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THINKING OF TURNING VEGETARIAN

by wowmagazine

What’s The Right Type For You

Today, more and more people are exploring more plant foods for various health benefits and the beneficial impact that eating more plant foods can have on the environment. Traditionally, vegetarianism can include any number of variants, such as removing animal products altogether—including items that come from animals, such as milk and honey—or simply devoid of animal flesh, fish, and seafood. The term originates from a combination of the two words vegetable and agrian, and depending on your goals, it could encompass any number of variants. Here are the types of vegetarians.

Vegetarian

Vegetarians will not eat meat, poultry, fish, or seafood but will eat dairy products, honey, and eggs. Since it includes a number of high-protein foods like eggs and lentils, it’s a pretty sustainable way to eat if you want to exclude all meat from your diet. Otherwise known as Lacto-Ovo vegetarians.

Flexitarian

A flexitarian is more of a flexible vegetarian eating pattern, where your intake is mostly vegetarian, but you’ll eat chicken, steak, or any other animal product when you’re craving it. Think less meat and more plant-based foods. This is the least restrictive vegetarian eating pattern and could also be called “mostly plant-based”—aka, veggies make up the bulk of your plate much of the time but not always.

Pescatarian

A pescatarian is a vegetarian who also eats fish, along with eggs and dairy. It’s a great option if you want to get some extra protein in your diet. It’s also touted as a great diet for getting ample brain-supporting omega-3 fatty acids, which are otherwise found in foods like chia seeds or walnuts.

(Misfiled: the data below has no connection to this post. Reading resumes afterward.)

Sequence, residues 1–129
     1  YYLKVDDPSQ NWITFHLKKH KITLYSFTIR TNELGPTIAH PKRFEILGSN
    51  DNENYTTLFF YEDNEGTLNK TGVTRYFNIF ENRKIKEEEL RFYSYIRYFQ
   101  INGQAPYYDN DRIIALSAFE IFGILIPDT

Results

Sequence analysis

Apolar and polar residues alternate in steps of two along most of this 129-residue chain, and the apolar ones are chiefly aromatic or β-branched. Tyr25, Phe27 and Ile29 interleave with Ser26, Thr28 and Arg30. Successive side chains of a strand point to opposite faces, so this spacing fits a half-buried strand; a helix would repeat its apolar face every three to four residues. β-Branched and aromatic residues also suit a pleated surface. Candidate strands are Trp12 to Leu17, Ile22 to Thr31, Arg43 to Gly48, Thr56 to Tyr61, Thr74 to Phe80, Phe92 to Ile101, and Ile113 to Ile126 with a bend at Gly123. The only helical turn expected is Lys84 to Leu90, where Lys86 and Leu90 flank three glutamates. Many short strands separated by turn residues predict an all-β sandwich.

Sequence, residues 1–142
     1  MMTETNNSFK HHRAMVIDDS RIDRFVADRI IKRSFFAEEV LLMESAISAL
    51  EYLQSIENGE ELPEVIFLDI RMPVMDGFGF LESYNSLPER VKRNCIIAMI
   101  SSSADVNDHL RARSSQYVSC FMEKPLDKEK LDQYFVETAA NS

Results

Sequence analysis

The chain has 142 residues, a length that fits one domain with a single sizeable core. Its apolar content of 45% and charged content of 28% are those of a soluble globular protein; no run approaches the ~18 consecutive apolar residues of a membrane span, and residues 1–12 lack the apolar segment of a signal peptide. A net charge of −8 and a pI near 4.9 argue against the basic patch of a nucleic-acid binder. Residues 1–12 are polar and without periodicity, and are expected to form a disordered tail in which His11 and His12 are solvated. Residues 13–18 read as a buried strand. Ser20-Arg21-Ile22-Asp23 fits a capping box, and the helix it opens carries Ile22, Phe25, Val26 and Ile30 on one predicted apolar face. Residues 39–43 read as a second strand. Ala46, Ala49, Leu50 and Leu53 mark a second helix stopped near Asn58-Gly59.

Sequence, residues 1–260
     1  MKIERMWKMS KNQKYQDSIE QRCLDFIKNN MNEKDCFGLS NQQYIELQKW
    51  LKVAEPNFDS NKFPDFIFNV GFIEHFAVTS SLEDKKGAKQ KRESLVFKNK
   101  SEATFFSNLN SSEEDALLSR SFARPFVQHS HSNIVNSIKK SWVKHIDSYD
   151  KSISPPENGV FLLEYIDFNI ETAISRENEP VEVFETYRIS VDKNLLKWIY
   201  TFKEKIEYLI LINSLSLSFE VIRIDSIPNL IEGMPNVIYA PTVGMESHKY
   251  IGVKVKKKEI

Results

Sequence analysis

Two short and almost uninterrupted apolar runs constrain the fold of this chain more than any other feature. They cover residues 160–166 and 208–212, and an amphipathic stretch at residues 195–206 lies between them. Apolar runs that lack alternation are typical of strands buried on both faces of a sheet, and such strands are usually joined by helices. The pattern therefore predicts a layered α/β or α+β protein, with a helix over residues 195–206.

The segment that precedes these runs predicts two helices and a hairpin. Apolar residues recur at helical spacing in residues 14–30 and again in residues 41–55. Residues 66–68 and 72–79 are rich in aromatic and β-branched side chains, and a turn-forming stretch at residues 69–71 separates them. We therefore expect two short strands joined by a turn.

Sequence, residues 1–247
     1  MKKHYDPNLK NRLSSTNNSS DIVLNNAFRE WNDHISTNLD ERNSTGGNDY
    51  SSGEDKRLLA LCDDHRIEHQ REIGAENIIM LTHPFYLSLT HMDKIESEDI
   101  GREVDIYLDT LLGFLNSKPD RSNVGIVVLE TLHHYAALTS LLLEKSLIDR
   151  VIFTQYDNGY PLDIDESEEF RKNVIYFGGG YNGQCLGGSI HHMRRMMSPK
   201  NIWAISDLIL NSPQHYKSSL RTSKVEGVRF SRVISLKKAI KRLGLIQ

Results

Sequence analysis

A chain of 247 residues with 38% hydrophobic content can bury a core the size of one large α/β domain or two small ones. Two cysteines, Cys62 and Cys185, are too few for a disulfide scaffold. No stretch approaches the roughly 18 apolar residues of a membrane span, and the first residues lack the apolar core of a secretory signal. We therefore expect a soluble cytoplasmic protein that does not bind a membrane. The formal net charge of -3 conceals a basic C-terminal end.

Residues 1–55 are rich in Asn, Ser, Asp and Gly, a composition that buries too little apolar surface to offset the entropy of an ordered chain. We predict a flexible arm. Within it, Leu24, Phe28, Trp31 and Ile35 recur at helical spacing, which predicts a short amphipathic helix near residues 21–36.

Lacto-Vegetarians

A lacto-vegetarian abstains from eggs, meat, poultry, seafood, and fish but eats dairy. In India and Nepal, for instance, a lacto-vegetarian diet is synonymous with vegetarianism as a whole, since Hinduism considers eggs and egg products to be animals.

Ovo-Vegetarians

Ovo-vegetarians include eggs and egg products in their diet, but they don’t eat dairy or other animal proteins such as seafood, fish, poultry, and meat. Many lactose-intolerant vegetarians may choose to eat this way.

Vegans

A vegan diet means eliminating all animal products, including those of animal origin. This means no eggs, dairy, or even honey. Outside of diet, most vegans also eliminate animal-based products in their daily life. For example, they won’t wear leather or fur goods or use products that include any animal-derived ingredients such as gelatin.

Raw Vegans

This is often the strictest form of a vegetarian diet. A raw vegan excludes foods of animal origin. There is no cooking involved, and the uncooked foods include vegetables, fruits, legumes, sprouted grains, nuts, herbs, and seeds, with the belief that raw and minimally cooked/heated foods (less than 114 degrees Fahrenheit) provide more nutrients than foods that are cooked. Raw vegan diets have been associated with low cholesterol levels, but there isn’t a consensus on whether one type of vegetarian diet may be healthier than another.

If you’re looking to switch to a more plant-based diet, you are not alone. Going vegetarian can actually have some incredible benefits for both your health and the environment. Plant-based diets have been linked to a lower risk for heart disease, diabetes, and some cancers. Additionally, people are becoming more earth-conscious and opting to adopt a vegetarian lifestyle due to the environmental impact of factory farming.

To decide which type of vegetarian you want to be, iIt may sound a little obvious, but listen to your intuition and your body. Focus on what foods feel right to you in the current point of your life, with the awareness that it can change. This allows flexibility around food and creates a sense of trust within our bodies that we can honor what we need. For instance, she says some people really thrive off a mostly vegetarian diet, while others feel good incorporating certain animal products. Pay attention to your energy levels and satisfaction and see what is right for you.

In addition, work with a dietitian or check out the macros in your food so you can be sure you’re meeting the adequate nutrient requirements when it comes to your diet. Transitioning to a vegetarian diet can be totally healthy and help you reach your health goals, provided it’s done in the right way. Do your research, trust your intuition, enjoy the traditional recipes, learn to love your salads, and see how it goes.

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